Andrew Sullivan, in The Atlantic, got it right: "Reality television has become our politics." Policy positions (heck, any foreign policy knowledge) isn't important, since Sarah Palin is a hockey mom who eats mooseburgers and can read a teleprompter.
It isn't about policies, it's about white women in focus groups saying she reminds them of Hillary Clinton.
Palin wanted to ban books when she was a local mayor. She's fine with creationism being taught alongside evolution. She left a town of 8000 people with $20 million in long-term debt. Two weeks ago, she sat in church, and listened to a man say that terrorist attacks on Israelis are God's "judgment of unbelief" of Jews who haven't embraced Christianity. 115 000 people voted for her as Governor of Alaska in 2006, but she doesn't hesitate to pour scorn on Barack Obama who received 18 million votes in the Democratic primaries.
Pregnant teens are bad, unless they're Palin's daughter. A town with a meth lab for every 200 people is bad, unless it's the town where she was mayor. The Republicans have been in control of the White House from 1980 to 1992, and from 2000 to 2008, and in control of the US Congress from 1994 to 2006. Yet, all of the problems in America are down to "liberals" and "big government" - which they have had nothing to do with. The entire crowd chanting "USA" -- becoming a term of defiance and division: "We're real Americans -- and you’re not."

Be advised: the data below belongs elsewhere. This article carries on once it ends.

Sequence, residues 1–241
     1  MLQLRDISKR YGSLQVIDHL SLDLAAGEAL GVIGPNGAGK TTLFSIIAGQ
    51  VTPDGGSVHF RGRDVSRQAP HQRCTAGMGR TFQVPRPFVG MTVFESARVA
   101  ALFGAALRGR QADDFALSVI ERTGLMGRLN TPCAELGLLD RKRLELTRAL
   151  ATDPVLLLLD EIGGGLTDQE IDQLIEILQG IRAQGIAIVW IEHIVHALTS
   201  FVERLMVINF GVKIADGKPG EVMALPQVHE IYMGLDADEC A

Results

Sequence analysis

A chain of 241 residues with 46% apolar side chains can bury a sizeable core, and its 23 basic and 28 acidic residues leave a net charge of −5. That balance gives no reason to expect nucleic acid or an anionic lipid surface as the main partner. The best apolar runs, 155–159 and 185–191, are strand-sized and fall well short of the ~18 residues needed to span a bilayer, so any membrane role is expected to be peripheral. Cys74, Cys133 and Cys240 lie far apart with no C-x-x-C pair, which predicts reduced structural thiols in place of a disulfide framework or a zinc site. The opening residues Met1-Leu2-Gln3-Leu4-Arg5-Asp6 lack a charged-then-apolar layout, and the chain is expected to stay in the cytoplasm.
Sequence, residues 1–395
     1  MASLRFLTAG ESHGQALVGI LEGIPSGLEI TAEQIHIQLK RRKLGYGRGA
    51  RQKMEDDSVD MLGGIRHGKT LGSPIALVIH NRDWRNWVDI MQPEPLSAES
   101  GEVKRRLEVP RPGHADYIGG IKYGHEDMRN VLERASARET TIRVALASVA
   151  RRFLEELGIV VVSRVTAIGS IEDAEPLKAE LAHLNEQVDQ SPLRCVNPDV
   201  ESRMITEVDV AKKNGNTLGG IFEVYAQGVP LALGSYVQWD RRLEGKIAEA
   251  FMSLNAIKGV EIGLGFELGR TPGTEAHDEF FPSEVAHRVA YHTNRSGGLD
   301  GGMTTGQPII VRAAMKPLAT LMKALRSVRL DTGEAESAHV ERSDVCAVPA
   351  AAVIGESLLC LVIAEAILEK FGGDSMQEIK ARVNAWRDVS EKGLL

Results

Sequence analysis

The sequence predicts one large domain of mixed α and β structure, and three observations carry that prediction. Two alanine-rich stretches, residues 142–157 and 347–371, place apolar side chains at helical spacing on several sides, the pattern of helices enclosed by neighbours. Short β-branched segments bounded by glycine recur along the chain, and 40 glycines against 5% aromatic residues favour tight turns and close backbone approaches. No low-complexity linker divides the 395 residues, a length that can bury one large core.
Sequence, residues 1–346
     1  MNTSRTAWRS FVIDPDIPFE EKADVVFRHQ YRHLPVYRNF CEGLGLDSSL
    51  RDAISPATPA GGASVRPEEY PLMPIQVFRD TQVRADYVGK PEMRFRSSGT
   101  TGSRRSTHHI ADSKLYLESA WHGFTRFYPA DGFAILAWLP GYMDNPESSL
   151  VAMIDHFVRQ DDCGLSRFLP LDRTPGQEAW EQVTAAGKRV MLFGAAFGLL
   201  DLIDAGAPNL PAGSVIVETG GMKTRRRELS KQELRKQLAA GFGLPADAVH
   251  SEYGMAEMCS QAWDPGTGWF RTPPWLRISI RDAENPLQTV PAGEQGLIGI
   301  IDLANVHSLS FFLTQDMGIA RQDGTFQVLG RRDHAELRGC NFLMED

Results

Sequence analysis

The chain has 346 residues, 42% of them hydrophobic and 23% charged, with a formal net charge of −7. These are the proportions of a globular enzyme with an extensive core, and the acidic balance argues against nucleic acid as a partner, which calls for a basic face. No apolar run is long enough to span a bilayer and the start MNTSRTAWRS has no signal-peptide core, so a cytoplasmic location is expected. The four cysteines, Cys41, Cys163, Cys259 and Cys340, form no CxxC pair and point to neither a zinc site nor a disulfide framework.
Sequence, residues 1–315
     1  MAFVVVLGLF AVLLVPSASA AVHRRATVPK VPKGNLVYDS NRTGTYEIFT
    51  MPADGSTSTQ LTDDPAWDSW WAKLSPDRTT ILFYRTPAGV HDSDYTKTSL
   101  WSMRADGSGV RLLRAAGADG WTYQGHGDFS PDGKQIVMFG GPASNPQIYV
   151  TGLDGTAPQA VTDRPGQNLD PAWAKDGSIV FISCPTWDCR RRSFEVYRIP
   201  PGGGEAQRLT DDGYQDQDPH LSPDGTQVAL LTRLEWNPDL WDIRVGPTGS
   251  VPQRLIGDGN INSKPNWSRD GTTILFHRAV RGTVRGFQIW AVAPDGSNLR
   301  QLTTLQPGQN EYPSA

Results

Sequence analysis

Obama's not a saint, but the kind of politics that he's trying to put in place (bringing people together, rather than polarise and hate and divide), that patriotism isn't owned by one party in the US, makes such a contrast to the spectacle in St. Paul.